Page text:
What if you could withdraw money from an ATM just by walking up to it and having it recognize your face? If it works well and securely it would offer huge conveniences for customers. But are we ready to let artificial intelligence algorithms track our movements and recognize our faces?
Chinese artificial intelligence startup Yitu Technology is betting we are. The company has recently rolled out a series of AI algorithms aimed at leveraging facial and image recognition for improved security, enhanced consumer experiences, healthcare, and even smart cities.
Speaking from the 2018 GTC Conference, where the company made its series of product announcements, Dr. Shuang Wu, an AI research scientist at Yitu, told Design News the company began in 2012 with an initial focus on computer vision-based algorithms. Today, Yitu has expanded its expertise into a variety of industries including automotive and healthcare and has also branched into developing chip hardware for AI algorithms.
The company's banking solution, for example, allows any customer to make ATM transactions using their face instead of a bank card and PIN number. “We were the first ones in China, probably in the world, to apply face recognition to ATMs,” Wu said. “Obviously there are a lot of technical challenges in terms of trying to make it hack-proof. We have live face detection, infrared cameras, and solutions for various lighting conditions. All those things together provide a secure solution for the ATM.”
According to Yitu, all of the major banks in China have adopted this technology to some degree and it is now deployed in 12,000 ATMs around the country. Wu added that banks are also using the technology for customer ID verifications. “Normally you'd have a teller verifying ID's. Now we have an algorithm doing the same thing, helping the teller to verify that it's the same person.” He said there has even been growing discussion in China of making AI-assisted customer identification a legal requirement for banks.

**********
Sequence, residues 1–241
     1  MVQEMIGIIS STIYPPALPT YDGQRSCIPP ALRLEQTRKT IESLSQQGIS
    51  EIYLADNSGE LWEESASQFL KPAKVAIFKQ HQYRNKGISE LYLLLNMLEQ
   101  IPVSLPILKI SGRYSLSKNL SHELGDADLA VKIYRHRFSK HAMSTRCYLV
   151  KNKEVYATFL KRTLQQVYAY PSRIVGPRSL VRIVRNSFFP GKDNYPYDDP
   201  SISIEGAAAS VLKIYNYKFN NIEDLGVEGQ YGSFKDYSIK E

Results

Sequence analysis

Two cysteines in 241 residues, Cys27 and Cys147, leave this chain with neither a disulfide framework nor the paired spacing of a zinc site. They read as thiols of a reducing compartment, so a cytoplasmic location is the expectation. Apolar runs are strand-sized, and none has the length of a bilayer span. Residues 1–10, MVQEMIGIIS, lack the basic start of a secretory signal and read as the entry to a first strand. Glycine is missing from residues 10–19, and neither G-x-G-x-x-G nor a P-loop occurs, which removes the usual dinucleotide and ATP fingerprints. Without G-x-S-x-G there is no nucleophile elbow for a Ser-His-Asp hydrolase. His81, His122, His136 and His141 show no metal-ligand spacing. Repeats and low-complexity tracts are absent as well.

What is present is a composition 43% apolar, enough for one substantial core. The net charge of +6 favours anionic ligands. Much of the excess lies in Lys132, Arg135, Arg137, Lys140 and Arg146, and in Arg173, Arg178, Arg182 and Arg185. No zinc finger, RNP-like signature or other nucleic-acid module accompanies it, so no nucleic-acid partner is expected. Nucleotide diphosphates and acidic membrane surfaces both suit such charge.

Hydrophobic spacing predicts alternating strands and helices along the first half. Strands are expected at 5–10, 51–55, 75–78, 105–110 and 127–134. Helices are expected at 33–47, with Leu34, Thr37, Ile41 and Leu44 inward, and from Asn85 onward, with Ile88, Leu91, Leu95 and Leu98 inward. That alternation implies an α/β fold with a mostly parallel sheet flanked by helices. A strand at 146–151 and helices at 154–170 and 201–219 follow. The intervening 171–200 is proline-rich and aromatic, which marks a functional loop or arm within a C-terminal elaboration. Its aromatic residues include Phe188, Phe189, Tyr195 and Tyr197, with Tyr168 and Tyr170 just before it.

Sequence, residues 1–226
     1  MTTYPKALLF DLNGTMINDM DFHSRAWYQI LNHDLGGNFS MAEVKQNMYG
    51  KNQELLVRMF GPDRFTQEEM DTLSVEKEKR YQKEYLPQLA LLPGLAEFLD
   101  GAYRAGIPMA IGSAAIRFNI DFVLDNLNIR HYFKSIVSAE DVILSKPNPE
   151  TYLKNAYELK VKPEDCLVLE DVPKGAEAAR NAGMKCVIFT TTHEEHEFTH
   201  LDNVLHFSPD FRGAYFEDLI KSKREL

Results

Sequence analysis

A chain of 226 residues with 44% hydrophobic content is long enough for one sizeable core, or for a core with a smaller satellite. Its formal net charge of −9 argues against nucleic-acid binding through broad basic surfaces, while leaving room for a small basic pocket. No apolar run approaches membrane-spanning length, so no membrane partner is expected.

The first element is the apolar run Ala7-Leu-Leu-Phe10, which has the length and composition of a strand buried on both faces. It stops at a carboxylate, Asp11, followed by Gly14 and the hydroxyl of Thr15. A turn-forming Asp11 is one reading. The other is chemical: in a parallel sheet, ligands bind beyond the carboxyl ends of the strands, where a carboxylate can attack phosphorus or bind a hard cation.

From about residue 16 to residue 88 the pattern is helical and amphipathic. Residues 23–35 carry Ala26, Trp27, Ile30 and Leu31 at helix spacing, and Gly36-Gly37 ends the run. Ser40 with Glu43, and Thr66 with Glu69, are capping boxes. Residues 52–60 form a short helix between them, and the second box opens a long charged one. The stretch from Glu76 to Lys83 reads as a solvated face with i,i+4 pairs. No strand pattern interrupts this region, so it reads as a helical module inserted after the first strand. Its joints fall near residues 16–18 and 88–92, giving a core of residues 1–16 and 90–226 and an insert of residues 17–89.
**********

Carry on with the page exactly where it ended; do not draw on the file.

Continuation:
Banks in China have been adopting facial recognition technology since 2015, but there has been a surge in rollouts in recent years. In an article on its own decisions to roll out facial recognition into its ATM's Agricultural Bank of China (ABC) touted an enhanced customer experience and enhanced security as primary motivators.
While face recognition for biometrics (i.e using your face to unlock your phone or laptop) has been around a while, Wu said that expanding facial recognition into the public sphere in such a large way requires a lot more consideration. “In the past systems like these were very brittle because as an algorithm programmer you have to anticipate all sorts of different situations. Now as long as you have the data you can do it,” he said.
“The good thing about face data is the labeling cost is low,” Wu added. “But of course you have different situations that will require different tradeoffs. There are cases where recall is the most important metric. For example, you might have a blacklist set up for an office where you don't want certain people to come in. There it's less important to mistake someone for someone on the blacklist occasionally, that's okay. But you don't want people on the blacklist walking through. For ID purposes you don't want to make false positives.”
In an ATM for instance, Wu said it's okay to have an ATM occasionally reject an actual person by failing to identify them. What you don't want however is having any stranger be able to walk up to the ATM and withdraw money. “The need for precision is very high in that instance,” he said. “For other cases the speed is another issue.You want the algorithm to be fast; you don't want people standing around waiting at a door or access point, for example. So having low latency becomes a requirement.”